RMD Calculations

 Posts: 36
 Joined: Sun Jan 22, 2017 8:34 pm
RMD Calculations
I'm trying to understand how FRP calculates RMD values. For example, FRP shows my "Median RMD" values around $3200$3800 with a starting portfolio value of around $85000 and a return of 6% at age 70. However, if I use those same numbers with Vanguards RMD calculator, the RMDs vary from $8000 to $22000. That's a huge difference between the two calculators.
Am I misreading the RMD in FRP, or is the calculation way off?
Am I misreading the RMD in FRP, or is the calculation way off?
Re: RMD Calculations
I'm not familiar with Vanguard's RMD calculator.
Do you know if they show results in present value dollars or in future value dollars?
The amounts reported in FRP are all in present value dollars.
Do you know if they show results in present value dollars or in future value dollars?
The amounts reported in FRP are all in present value dollars.

 Posts: 36
 Joined: Sun Jan 22, 2017 8:34 pm
Re: RMD Calculations
I don't know, today was the first time I've used Vanguards calculator. I tried a few other calculators too, and most showed RMD values higher than FRP is calculating. I don't know enough about RMD's to know what they're doing.
I'm mostly just wondering how FRP calculates the RMD, and whether the "Median RMD" is the calculated RMD I should be looking at?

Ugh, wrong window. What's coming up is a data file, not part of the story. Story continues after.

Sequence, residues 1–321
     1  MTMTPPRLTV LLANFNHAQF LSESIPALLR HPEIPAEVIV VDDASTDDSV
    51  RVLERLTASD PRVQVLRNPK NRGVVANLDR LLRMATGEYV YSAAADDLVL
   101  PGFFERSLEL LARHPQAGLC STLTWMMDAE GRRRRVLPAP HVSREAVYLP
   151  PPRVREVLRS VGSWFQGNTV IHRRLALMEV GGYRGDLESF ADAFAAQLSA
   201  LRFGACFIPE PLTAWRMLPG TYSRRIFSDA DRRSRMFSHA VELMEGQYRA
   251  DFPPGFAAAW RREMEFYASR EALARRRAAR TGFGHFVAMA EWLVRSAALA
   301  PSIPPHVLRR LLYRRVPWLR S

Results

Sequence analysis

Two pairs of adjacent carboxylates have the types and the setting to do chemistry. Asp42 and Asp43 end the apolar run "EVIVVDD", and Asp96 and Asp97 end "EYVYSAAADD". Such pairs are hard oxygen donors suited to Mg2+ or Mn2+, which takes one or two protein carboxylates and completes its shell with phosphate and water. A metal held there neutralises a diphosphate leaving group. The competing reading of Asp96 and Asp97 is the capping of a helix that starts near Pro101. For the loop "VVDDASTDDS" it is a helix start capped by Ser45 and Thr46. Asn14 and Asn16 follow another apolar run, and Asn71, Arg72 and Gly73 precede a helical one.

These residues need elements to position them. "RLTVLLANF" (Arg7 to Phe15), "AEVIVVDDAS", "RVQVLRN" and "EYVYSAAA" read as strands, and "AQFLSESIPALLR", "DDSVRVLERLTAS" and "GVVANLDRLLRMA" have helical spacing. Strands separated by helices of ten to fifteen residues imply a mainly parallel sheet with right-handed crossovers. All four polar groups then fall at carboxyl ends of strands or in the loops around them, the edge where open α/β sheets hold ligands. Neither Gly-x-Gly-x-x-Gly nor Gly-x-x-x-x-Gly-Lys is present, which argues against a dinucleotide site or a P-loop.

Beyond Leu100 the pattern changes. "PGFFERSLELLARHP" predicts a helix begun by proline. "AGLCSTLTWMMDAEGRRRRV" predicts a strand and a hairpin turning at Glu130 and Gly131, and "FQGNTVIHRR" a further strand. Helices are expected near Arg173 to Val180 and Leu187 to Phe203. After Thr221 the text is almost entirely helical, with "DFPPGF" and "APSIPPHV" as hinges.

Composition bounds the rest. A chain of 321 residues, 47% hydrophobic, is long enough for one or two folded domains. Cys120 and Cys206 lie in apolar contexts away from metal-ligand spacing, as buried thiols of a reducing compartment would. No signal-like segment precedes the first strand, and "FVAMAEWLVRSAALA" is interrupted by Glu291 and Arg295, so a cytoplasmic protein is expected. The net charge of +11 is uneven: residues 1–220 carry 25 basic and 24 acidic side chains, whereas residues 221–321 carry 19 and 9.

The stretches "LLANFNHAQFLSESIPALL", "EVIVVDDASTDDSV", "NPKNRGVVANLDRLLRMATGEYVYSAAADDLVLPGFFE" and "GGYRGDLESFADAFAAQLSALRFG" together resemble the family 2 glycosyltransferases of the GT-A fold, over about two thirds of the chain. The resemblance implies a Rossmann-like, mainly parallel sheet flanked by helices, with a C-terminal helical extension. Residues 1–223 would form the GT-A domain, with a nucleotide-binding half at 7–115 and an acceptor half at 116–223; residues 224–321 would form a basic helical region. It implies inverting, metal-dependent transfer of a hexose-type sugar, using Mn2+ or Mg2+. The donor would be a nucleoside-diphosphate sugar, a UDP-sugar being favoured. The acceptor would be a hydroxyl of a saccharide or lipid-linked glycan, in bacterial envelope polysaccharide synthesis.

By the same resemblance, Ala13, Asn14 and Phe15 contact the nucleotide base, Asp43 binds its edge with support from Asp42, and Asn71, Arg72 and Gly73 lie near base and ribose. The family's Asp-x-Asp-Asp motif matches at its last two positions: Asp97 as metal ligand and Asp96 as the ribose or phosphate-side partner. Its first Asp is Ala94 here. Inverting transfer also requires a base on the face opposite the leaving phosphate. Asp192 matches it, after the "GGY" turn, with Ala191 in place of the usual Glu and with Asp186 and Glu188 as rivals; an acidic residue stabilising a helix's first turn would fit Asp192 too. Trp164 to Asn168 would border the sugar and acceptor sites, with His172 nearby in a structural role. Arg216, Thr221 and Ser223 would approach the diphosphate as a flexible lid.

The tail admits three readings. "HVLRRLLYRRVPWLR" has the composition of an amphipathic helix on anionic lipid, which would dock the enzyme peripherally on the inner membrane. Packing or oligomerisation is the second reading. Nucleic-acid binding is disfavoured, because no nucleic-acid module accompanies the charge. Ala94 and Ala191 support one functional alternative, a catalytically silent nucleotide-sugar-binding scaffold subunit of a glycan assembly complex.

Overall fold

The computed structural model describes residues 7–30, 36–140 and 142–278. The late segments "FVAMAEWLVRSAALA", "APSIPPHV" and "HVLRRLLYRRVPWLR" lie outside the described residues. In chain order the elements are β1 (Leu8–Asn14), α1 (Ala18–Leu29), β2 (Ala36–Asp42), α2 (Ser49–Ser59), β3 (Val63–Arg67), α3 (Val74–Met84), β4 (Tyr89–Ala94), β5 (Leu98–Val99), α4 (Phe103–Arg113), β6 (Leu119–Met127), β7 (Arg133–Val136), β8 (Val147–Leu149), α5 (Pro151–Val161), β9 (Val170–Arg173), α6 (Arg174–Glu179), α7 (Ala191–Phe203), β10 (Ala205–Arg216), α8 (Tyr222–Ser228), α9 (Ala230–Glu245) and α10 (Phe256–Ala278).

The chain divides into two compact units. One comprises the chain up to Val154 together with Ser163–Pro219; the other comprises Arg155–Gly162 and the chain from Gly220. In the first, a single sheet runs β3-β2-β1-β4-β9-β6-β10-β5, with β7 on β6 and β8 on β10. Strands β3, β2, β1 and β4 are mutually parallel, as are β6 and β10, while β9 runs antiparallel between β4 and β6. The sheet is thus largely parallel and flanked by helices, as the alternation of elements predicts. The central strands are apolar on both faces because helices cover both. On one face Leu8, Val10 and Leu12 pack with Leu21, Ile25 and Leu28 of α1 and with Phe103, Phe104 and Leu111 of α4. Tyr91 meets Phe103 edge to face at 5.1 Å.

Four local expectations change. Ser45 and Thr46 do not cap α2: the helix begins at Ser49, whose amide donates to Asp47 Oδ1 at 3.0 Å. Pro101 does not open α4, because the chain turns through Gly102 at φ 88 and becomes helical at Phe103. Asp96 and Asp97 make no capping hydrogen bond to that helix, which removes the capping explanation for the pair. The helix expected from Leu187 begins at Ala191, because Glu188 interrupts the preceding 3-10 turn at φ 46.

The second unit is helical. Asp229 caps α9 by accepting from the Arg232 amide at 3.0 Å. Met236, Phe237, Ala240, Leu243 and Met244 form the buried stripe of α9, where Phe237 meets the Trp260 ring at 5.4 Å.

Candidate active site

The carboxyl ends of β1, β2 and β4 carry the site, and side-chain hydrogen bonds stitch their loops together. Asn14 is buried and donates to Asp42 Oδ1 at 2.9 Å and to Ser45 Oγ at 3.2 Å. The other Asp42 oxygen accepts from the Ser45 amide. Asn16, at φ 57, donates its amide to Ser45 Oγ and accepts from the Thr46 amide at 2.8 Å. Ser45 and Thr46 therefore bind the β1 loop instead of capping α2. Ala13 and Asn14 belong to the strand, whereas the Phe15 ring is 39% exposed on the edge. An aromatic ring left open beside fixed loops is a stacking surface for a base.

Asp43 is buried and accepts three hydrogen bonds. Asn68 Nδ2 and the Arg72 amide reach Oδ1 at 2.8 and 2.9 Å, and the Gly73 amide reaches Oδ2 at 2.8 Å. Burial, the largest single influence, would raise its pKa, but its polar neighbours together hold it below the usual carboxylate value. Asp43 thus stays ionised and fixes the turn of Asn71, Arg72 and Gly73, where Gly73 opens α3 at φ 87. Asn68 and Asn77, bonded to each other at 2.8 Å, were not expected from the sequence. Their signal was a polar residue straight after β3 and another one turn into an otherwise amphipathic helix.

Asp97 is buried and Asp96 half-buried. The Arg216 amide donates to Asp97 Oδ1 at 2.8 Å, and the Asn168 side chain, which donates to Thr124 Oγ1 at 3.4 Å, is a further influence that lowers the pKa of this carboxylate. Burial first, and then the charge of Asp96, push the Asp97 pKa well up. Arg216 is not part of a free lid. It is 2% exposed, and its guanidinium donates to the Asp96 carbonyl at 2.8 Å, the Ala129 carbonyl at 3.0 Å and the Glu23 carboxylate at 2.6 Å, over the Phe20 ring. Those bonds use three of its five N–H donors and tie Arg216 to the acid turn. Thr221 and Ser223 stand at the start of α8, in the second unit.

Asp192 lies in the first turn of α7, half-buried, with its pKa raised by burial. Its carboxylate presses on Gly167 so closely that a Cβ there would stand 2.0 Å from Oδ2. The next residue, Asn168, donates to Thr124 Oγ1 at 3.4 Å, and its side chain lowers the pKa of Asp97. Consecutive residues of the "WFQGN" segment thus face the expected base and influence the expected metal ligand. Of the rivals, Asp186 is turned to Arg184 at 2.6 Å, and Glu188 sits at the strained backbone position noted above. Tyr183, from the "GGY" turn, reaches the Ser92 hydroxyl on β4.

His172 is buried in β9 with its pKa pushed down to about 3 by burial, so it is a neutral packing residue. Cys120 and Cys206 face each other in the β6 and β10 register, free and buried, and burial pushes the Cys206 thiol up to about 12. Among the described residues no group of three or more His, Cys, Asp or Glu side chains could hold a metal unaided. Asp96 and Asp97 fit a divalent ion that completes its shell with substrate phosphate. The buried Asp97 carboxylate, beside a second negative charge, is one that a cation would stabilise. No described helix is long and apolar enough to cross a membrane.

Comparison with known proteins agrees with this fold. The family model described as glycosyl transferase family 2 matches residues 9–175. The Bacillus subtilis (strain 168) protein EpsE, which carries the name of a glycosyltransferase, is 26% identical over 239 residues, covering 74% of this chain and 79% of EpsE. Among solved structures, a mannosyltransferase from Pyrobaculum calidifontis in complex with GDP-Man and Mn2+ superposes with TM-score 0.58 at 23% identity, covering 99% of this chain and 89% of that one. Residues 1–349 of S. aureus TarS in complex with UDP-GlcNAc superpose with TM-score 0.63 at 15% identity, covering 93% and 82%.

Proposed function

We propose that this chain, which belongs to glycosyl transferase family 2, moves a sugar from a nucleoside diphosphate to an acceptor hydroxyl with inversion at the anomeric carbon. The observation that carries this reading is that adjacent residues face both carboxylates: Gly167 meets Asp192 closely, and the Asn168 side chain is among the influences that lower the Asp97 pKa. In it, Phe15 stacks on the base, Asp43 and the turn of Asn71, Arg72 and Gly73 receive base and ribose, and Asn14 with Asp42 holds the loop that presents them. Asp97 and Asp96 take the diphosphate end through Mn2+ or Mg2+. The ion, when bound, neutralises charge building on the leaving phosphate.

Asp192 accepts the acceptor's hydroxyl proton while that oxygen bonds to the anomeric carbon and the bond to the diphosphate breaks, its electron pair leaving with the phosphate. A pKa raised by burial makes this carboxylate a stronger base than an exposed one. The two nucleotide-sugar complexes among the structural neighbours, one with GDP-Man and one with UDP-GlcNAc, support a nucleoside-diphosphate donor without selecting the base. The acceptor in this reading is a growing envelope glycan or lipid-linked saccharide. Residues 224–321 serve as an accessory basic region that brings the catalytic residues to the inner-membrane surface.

Basically, I'm trying to figure out if we would have any tax advantage to converting to a ROTH IRA once we retire, or if we'll still be in the same tax bracket even with the RMD's.
I'm mostly just wondering how FRP calculates the RMD, and whether the "Median RMD" is the calculated RMD I should be looking at?
Basically, I'm trying to figure out if we would have any tax advantage to converting to a ROTH IRA once we retire, or if we'll still be in the same tax bracket even with the RMD's.
Re: RMD Calculations
I took a look at Vanguard's calculator and it does appear that it's showing future value dollars. I did a little test to better understand the results
First, I used the Vanguard tool with a 6% return and an $85,000 portfolio to produce the following starting RMD amounts:
Birthdate of 1948 (eg current age 70) yields Vanguard starting RMD of $3102
Birthdate of 1958 (eg current age 60) yields Vanguard starting RMD of $5555
Birthdate of 1968 (eg current age 50) yields Vanguard starting RMD of $9948
Next, I deducted the FRP default inflation rate from the 6% rate of return to change Vanguard's tool from using a nominal rate of return to using a real rate of return (3% real). This sort of tricks the Vanguard tool into showing all future amounts in today's value dollars instead of inflated dollars.
Here's what I got when I did that:
Birthdate of 1948 (eg current age 70) yields Vanguard starting RMD of $3102
Birthdate of 1958 (eg current age 60) yields Vanguard starting RMD of $4168
Birthdate of 1968 (eg current age 50) yields Vanguard starting RMD of $5602
Finally, I started FRP with a new file and changed the following settings:
 Retirement age set to 70
 current tax deferred portfolio value set to $85,000
 investing style set to custom with return of 6% and std dev of 0%
Here's what I got when I did that and ran the planner with different current ages:
Current age 70 yields FRP starting RMD of $3102
Current age 60 yields FRP starting RMD of $4169
Current age 50 yields FRP starting RMD of $5602
For one last test, I left everything in FRP the same and set the inflation rate to 0%. Here's what I got when I did that:
Current age 70 yields FRP starting RMD of $3102
Current age 60 yields FRP starting RMD of $5555
Current age 50 yields FRP starting RMD of $9949